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Imminent Domain: The Story of the Kingdom of God and Its Celebration Paperback – March 31, 2009
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Top Customer Reviews
Witherington says that there is nothing we can do politically or militarily to bring in the dominion, we just need to pray "Thy kingdom come thy will be done, on earth as it is in heaven.
He also says that since God's ultimate plan is for the kingdom of heaven to come to earth, and for us to live forever in glorified bodies. This teaches us that bodily living is God's desired plan for us, and that He truly cares for the earth He has created. He brings this out in texts such as 1 Corinthians 15 and Revelation 21-22. As a result, we should care for this planet because we are simply stewards of what God has given us.
The other purpose for this book is to garner more attention to the liturgical season of kingdom tide, which occurs in the fall and concludes around the time of Thanksgiving. Witherington feels that kingdomtide nicely dovetails into Thanksgiving and gives us a great opportunity to thank the Lord for His blessings and for His dominion rule.
The only weakness with this brief volume is that there is very little discussion of the kingdom of God in the Old Testament, particularly the mediatorial kingdom during the times of the kings of Israel. It would have been neat to see the progressive revelation of God's kingdom through the centuries. But what we have here is a tasty appetizer to further study.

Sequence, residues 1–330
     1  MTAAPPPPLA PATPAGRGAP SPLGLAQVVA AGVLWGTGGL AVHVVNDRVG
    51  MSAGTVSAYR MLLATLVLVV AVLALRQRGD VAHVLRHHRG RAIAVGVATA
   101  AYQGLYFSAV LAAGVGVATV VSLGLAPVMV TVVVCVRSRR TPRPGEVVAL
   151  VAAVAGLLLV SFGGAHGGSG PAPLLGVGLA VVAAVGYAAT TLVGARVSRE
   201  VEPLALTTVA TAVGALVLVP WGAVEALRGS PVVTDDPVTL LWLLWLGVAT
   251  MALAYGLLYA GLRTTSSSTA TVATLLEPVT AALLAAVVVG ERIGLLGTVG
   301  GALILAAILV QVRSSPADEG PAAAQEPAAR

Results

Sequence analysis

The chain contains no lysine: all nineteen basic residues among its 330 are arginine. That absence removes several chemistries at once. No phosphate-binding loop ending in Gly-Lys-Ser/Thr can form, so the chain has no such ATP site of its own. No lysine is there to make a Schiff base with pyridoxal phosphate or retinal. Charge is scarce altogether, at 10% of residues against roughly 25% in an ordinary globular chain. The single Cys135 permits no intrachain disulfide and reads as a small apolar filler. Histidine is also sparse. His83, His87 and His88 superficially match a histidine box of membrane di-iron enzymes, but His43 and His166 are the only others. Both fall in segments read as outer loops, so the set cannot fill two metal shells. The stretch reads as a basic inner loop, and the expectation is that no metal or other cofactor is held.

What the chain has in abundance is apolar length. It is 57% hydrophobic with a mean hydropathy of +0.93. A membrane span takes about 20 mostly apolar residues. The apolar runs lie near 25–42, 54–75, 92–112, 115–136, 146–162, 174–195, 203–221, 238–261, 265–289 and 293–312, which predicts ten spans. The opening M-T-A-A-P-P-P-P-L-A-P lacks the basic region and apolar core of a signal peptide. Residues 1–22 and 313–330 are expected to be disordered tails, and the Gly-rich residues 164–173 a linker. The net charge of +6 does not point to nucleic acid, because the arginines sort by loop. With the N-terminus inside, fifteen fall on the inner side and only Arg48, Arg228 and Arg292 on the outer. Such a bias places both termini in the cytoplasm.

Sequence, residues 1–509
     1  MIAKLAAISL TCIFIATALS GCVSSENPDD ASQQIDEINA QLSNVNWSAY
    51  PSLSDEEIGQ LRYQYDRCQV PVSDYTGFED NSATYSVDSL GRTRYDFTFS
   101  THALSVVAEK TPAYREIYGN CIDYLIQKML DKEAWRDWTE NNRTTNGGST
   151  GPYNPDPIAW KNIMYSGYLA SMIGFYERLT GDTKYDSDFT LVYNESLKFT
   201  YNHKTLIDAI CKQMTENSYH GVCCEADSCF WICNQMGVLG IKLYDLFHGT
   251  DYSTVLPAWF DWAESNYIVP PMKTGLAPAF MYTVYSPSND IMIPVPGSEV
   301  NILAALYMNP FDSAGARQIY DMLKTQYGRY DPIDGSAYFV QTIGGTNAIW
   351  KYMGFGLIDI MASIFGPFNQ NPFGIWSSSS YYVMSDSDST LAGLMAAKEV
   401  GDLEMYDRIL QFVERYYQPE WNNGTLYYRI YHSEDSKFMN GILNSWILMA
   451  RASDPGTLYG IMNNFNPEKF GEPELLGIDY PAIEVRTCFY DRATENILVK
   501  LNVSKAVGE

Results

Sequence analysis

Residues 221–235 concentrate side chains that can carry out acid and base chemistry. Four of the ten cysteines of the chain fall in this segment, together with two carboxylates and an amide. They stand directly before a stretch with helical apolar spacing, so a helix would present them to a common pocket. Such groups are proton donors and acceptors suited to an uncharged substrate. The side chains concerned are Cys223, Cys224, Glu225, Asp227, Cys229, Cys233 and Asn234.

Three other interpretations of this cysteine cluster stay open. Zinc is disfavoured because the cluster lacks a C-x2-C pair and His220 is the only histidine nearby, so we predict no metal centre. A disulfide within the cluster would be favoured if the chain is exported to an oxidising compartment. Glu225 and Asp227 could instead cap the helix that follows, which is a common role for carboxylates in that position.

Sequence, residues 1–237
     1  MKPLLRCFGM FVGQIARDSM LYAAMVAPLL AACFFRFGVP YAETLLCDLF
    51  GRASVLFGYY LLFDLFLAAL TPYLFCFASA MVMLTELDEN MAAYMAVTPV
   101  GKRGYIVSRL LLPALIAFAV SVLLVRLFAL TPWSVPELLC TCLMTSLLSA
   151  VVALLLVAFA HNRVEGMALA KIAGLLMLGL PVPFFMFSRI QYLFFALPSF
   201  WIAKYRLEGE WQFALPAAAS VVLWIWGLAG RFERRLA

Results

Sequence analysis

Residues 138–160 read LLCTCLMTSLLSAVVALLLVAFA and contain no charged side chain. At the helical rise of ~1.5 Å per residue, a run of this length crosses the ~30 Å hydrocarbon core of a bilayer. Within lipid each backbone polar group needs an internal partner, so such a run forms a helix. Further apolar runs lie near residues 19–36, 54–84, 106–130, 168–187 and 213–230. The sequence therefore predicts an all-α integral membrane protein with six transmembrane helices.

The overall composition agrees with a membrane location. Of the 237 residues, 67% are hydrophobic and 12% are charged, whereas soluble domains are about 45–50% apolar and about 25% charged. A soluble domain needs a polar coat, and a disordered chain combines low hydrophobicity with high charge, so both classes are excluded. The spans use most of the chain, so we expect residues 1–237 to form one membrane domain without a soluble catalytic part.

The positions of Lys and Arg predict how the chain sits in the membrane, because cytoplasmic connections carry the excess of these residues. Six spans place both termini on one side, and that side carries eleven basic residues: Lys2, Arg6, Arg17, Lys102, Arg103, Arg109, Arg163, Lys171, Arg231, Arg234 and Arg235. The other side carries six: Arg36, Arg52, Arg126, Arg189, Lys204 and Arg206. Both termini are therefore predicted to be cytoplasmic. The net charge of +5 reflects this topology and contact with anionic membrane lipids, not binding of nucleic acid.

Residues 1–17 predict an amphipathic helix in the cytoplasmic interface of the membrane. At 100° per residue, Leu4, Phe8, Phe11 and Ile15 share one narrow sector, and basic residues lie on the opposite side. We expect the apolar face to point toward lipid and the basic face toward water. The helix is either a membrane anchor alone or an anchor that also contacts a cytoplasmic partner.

This book is a fairly simple text and perhaps borders on being overly so. Witherington is at pains to make the concepts of the Kingdom accessible to minds which do not have a great deal of overlapping experience with earthly kingdoms, as the original readers of the Scriptures did. Modern Americans really don't know what it is like to have authority vested in one man who is able to command by fiat and impose his or her own particular whims on the mass of his servants. They are used to politicians and Eastern potentates were a different breed of animal. So, Witherington attempts to translate the idea of the Kingdom of God and its implications into our thought processes with some success.
It is an OK book from which to start and I found nothing in the book to overly criticize (and I am a pretty staunch advocate of Reformed Theology which holds the absolute sovereignty of God as the critical unifying theme in all revelation). I appreciated the structure of the book. It is easily digested in small chunks and the suggested discussion questions are ready made for a small group study. I did learn something new... the idea of "Kingdomtide" as a season in the liturgical calendar and I will probably do something with that in our own congregation this year.
On the whole... it is a book well worth having in your library even if you differ with the author on some points and if it stimulates thinking about the Kingdom of God it has served its purpose admirably.